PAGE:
Dr Mahibur Rahman
After each MRCGP CSA examination, the examiners release a report highlighting key information from the last exam. This includes pass marks and rates for the sitting, along with the number of candidates sitting the exam. Since the February 2012 exam they also started releasing a feedback report highlighting key areas that candidates found challenging.
These topics are likely to continue to feature in future CSA sittings, as there is a common case bank, so it is worth ensuring that you have a good understanding of how to tackle them.
If you are thinking of sitting the MRCGP CSA in November 2012 or January / February 2013, then you have probably started preparing. As the January / February sitting is the most popular each year, we thought it would be helpful to look at the feedback and challenging areas from this sitting in 2012. The sumary report for the May 2012 CSA exam is not yet available.
Key facts from the February 2012 MRCGP CSA exam:
Number of candidates: 2074
Proportion sitting the CSA for the first time: 92.5%
Overall pass rate: 71.8% (1490 candidates passed, 584 candidates failed)
The top score was 111 out of 117
The mean score was 81 out of 117
The lowest score was 37 out of 117
97 candidates (4.7%) scored 100 or more out of 117
67 candidates (3.2%) scored 20 or more marks below the pass mark.
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The examiners’ report from the February 2012 diet of the MRCGP CSA exam was released in April, and highlighted the following areas that caused candidates difficulty:
Genetics in primary care
Cases involving genetics regularly cause CSA candidates problems in the exam. Examples of cases you should be prepared to handle include:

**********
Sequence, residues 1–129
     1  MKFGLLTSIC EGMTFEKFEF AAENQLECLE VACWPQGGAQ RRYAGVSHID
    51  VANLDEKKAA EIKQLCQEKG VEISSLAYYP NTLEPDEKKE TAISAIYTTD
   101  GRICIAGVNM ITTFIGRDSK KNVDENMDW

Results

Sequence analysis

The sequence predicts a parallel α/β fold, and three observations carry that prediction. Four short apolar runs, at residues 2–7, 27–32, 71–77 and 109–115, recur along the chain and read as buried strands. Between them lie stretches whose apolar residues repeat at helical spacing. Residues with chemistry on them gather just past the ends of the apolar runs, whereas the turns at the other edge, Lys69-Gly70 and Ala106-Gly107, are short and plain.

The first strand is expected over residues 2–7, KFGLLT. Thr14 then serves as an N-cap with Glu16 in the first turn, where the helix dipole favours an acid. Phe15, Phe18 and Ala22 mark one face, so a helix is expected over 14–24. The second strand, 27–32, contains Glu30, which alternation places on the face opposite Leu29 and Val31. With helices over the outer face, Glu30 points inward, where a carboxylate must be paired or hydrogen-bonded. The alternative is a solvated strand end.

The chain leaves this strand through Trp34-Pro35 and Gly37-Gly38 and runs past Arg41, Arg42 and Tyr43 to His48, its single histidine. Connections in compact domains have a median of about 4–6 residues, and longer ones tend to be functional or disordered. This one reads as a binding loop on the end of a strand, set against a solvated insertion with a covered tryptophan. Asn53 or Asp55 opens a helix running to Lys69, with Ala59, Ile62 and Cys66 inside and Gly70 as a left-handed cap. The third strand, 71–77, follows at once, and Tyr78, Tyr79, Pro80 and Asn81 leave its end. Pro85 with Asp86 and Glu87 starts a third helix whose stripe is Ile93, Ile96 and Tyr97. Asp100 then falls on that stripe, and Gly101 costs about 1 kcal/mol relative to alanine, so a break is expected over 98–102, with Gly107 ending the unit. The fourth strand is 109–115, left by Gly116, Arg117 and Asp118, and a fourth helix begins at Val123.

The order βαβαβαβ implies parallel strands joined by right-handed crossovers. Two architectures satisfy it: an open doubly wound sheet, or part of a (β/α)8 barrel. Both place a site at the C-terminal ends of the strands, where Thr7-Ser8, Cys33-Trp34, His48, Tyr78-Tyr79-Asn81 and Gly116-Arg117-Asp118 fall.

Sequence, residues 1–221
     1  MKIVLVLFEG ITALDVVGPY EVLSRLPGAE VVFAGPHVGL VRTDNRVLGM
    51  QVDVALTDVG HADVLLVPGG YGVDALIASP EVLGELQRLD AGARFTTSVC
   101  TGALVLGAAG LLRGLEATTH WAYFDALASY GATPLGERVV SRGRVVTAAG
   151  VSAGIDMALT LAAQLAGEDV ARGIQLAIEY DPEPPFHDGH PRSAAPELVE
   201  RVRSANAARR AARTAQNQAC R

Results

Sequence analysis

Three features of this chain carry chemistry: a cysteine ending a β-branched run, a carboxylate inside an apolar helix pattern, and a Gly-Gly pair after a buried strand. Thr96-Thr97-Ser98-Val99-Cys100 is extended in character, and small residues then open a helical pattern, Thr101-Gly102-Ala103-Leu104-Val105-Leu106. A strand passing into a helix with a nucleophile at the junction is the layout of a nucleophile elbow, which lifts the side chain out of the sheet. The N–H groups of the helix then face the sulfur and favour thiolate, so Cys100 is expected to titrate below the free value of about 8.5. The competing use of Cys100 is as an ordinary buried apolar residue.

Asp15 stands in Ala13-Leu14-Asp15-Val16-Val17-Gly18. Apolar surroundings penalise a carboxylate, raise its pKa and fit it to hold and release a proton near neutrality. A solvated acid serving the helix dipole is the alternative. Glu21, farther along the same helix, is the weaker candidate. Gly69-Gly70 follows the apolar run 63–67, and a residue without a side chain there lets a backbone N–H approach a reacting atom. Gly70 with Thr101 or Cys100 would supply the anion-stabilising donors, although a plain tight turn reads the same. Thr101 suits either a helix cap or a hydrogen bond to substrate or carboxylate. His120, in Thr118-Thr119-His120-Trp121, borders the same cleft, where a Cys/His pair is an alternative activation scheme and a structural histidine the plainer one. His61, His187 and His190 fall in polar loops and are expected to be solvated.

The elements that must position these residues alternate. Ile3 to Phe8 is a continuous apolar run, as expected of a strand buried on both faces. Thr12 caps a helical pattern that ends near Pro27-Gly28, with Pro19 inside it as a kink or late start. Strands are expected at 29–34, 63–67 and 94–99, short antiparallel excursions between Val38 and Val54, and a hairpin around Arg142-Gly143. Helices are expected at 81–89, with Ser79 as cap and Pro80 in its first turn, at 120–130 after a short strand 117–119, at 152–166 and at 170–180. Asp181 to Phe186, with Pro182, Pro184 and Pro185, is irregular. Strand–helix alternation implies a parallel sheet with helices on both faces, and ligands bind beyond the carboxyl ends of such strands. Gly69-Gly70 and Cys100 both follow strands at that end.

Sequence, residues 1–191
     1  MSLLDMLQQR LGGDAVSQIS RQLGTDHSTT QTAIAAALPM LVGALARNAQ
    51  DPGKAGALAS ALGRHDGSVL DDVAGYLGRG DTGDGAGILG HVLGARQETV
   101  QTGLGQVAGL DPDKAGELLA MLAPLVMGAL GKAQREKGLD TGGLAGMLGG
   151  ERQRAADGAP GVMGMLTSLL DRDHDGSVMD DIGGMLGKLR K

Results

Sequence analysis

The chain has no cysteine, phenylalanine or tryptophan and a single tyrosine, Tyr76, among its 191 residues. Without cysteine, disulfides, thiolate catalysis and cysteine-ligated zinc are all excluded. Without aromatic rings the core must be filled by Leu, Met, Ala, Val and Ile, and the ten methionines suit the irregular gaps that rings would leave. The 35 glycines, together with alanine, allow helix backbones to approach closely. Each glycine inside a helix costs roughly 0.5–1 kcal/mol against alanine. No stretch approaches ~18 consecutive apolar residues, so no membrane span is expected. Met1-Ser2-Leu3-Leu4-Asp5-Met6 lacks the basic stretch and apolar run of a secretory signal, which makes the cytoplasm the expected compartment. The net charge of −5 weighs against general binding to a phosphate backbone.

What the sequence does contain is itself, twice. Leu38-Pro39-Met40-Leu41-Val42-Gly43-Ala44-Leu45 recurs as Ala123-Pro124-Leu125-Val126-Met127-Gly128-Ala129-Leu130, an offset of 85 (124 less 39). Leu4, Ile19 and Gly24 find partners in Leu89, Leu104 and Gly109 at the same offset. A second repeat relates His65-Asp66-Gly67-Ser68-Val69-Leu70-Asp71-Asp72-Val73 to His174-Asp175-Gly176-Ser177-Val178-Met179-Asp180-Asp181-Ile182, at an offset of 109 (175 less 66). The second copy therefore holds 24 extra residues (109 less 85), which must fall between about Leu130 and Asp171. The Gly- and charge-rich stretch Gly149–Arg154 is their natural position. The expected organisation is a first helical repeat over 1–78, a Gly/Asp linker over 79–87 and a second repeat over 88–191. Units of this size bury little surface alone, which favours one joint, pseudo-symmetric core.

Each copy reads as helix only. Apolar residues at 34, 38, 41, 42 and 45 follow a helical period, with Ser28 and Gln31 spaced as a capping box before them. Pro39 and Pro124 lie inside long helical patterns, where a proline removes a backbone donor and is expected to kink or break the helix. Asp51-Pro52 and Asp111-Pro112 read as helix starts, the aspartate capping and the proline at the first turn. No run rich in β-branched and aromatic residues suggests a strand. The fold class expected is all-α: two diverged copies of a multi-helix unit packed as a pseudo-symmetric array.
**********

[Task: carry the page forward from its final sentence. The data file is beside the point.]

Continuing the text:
Prenatal counselling for risk of single gene disorders – e.g. sickle cell disease, Huntington’s, neurofibromatosis, cystic fibrosis etc.
An asymptomatic patient requesting a colonoscopy with a family history of colon cancer.
While you do not need to have an in depth knowledge of specific genetic disorders, you should be able to take a good history and draw a family tree. You should also be able to explain the difference in risk for autosomal dominant and autosomal recessive disorders, and know when it is appropriate to refer to a genetics counselling service.
In some cases in the CSA you will actually perform a physical examination. In some cases, candidates lost marks for being unable to be focused in their choice of examination, or not being able to perform the examination proficiently. Examples of a lack of focus would include requesting a full physical examination in someone with hearing loss – it would be more appropriate to examine the ears, and to perform a Rinne and Weber test. Examples of an inadequate examination highlighted by the examiners included listening to a patient’s chest with through their shirt! Most examinations in the CSA are fairly straightforward – you should try to practice all the common examinations with a study group until you are fluent. Ask your trainer to observe you and to provide feedback.
The MRCGP CSA is a challenging, comprehensive examination, so it is important that you start preparing for it early. Try to get as many observed consultations as possible with your trainer, and form a study group early on.
Complete February 2012 CSA Summary report
The Emedica MRCGP CSA Course includes teaching on the new CSA mark scheme including the new 2012 CSA feedback statements. Each course only takes 6 GP registrars, with a strong emphasis on practice with individual feedback. Practice sessions are donw in groups of 3, allowing each candidate to have 4 mock CSA practice cases. There is detailed, constructive 1 to 1 feedback after each case using the new marking criteria. Our mock CSA cases are done in a realistic setting with professional simulated patients and timed in the same way as the real exam.